Local Natives Gorilla Manor Review
I had a good feeling after seeing Local Natives opening for Fool’s Gold a few months back that this was a band that was going to be on people’s radar in a big way in 2010. Hearing the first song released from their debut album, the jittery/world influenced “Sun Hands,” helped to push that feeling forward shortly after that show. Spending the last few weeks listening to their debut full length, Gorilla Manor, I am now 100% convinced that we will be in full fledged Local Natives mania in short order. Whether or not I am on board is something that I haven’t quite nailed down.
Their sound is akin to the wild, rhythm heavy pop music of Yeasayer’s debut record. Songs like the poppy “World News,” the soaring anthem “Shape Shifter” and the breezy vocals on “Stranger Things” make this an album that will be popular across many different music spheres, but it all comes a little too easy for me. Like Vampire Weekend, I can’t help but shake the sense that the music is a mile wide and an inch deep. While the frantic drumming and precise backing vocals sound great the first time around, I have found them less rewarding with each return listen. While it is well produced and has some interesting juxtapositions of ideas, the straightforward and mundane lyrics seemed to grow more irritating with each listen. This was an album I liked quite a bit the first time, less the second time, and was skipping through most of the songs by the time I was writing this review. With strings swelling and the lead singer passionately singing “I want you back” over and over on the song “Airplanes,” I have come to get that feeling that I get when songs no longer are genuine and scream “overblown.” It is more akin to the feeling I get when hearing latter day U2 than I get from hearing Arcade Fire. There is emotion there, but it feels prepared and pre-packaged. There is that integral part missing from what makes me like bands that write great songs (like Local Natives do) and really love bands, which I probably will never be able to accurately describe. Whatever that thing is, I didn’t find it in my many spins of Gorilla Manor.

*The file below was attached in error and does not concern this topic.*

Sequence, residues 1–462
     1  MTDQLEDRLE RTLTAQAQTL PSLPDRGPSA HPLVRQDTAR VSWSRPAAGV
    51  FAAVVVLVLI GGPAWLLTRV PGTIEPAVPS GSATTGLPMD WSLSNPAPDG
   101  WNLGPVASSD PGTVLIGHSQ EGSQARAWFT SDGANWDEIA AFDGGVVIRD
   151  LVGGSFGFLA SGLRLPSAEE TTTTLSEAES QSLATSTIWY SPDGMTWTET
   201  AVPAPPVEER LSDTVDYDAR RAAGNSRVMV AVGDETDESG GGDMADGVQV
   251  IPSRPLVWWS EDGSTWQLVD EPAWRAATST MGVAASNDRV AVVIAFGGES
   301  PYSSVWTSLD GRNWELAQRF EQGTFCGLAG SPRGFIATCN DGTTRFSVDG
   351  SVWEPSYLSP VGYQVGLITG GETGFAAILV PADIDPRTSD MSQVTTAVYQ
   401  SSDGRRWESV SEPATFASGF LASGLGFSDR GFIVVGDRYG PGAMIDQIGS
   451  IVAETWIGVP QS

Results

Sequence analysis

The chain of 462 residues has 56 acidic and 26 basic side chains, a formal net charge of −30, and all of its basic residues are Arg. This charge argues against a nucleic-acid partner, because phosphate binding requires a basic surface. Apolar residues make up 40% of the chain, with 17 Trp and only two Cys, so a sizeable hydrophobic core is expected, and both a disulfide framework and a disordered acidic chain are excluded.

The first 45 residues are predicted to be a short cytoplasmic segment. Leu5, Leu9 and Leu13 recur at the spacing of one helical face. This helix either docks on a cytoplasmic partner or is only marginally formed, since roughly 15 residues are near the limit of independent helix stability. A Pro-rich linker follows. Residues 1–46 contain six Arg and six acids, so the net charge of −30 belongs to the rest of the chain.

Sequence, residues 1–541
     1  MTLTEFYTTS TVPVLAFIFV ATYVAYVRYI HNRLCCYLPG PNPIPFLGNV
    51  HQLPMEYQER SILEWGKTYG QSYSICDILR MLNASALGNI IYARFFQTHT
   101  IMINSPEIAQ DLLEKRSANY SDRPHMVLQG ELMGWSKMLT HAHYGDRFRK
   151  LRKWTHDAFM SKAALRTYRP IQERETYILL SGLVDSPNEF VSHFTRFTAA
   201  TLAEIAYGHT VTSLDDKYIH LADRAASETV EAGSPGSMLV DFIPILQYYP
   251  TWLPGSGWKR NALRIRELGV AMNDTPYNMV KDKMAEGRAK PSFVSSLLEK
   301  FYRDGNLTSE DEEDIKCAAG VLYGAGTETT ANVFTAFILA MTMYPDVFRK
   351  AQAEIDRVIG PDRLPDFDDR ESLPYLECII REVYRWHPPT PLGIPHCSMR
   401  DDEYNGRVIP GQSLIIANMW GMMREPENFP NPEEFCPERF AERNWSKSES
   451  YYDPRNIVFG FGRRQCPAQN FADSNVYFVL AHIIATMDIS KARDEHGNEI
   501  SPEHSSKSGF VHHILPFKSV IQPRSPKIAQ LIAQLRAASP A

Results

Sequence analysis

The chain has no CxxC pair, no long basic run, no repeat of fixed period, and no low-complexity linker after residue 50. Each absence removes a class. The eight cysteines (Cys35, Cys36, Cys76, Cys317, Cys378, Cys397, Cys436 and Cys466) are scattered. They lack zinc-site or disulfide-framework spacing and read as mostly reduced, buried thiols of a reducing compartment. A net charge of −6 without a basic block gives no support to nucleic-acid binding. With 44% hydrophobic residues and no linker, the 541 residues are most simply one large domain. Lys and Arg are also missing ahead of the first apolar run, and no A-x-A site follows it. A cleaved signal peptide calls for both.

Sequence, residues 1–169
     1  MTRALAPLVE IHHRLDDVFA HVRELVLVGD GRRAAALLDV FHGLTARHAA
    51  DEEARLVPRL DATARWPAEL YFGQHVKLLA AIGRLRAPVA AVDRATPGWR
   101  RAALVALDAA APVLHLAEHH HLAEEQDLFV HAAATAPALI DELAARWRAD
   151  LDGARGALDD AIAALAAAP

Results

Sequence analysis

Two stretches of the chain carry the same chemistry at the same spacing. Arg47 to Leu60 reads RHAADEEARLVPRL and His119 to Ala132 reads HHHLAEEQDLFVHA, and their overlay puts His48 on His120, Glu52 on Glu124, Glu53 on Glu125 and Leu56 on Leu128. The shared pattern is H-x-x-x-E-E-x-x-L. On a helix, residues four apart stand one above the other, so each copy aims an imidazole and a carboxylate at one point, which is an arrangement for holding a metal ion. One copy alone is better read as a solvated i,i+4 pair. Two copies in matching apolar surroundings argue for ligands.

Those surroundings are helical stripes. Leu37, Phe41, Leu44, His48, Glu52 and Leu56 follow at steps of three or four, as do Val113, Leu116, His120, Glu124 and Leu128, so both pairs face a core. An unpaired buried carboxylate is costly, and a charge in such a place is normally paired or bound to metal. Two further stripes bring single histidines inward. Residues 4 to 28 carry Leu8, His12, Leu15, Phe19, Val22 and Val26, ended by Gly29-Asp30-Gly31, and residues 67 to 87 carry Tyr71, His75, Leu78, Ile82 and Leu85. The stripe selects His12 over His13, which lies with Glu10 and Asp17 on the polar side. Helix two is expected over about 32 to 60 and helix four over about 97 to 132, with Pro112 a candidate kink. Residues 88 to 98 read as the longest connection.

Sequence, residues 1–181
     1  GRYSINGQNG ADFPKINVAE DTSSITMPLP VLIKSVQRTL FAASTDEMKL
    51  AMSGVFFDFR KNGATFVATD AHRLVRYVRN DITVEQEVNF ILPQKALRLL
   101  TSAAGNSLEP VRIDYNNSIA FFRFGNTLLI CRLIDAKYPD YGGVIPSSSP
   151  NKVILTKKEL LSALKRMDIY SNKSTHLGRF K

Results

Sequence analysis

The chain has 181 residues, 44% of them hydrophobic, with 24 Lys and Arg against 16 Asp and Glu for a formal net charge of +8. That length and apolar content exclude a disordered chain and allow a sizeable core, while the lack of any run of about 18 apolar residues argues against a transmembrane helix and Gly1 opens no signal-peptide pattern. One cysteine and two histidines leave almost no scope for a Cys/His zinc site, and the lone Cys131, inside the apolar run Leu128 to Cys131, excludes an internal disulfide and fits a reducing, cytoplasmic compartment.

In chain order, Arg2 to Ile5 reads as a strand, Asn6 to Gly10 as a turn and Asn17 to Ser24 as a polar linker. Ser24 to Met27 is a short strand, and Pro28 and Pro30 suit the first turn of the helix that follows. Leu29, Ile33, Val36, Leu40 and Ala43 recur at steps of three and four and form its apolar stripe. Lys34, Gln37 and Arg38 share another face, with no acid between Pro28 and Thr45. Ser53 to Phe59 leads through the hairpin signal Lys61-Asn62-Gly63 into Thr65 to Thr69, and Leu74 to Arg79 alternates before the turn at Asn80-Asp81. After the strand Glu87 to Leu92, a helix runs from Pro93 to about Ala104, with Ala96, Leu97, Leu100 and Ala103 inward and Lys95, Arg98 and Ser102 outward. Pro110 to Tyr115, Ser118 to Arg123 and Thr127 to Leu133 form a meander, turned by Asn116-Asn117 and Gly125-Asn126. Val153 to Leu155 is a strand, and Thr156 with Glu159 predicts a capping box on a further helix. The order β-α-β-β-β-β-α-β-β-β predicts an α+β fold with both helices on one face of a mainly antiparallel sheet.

Local Natives are one of those bands that I know I will get into arguments over. I can see, very clearly, why people would like them. I think they are just fine. The bottom line is my favorite albums are the ones that perplex me at first, plant some sort of weird seed in me that slowly draws me back in and then finally grabs me by the neck. This album did the opposite. It was instantly pleasing, easy to understand, but then plummeted with diminishing returns. Maybe this is a case of me missing the forest by staring too intently at the trees, but I think this album will ultimately end up being one of those records that I will enjoy hearing when other people (or the radio) play it, but won’t be going out of my way to make sure I keep in my stereos permanent rotation.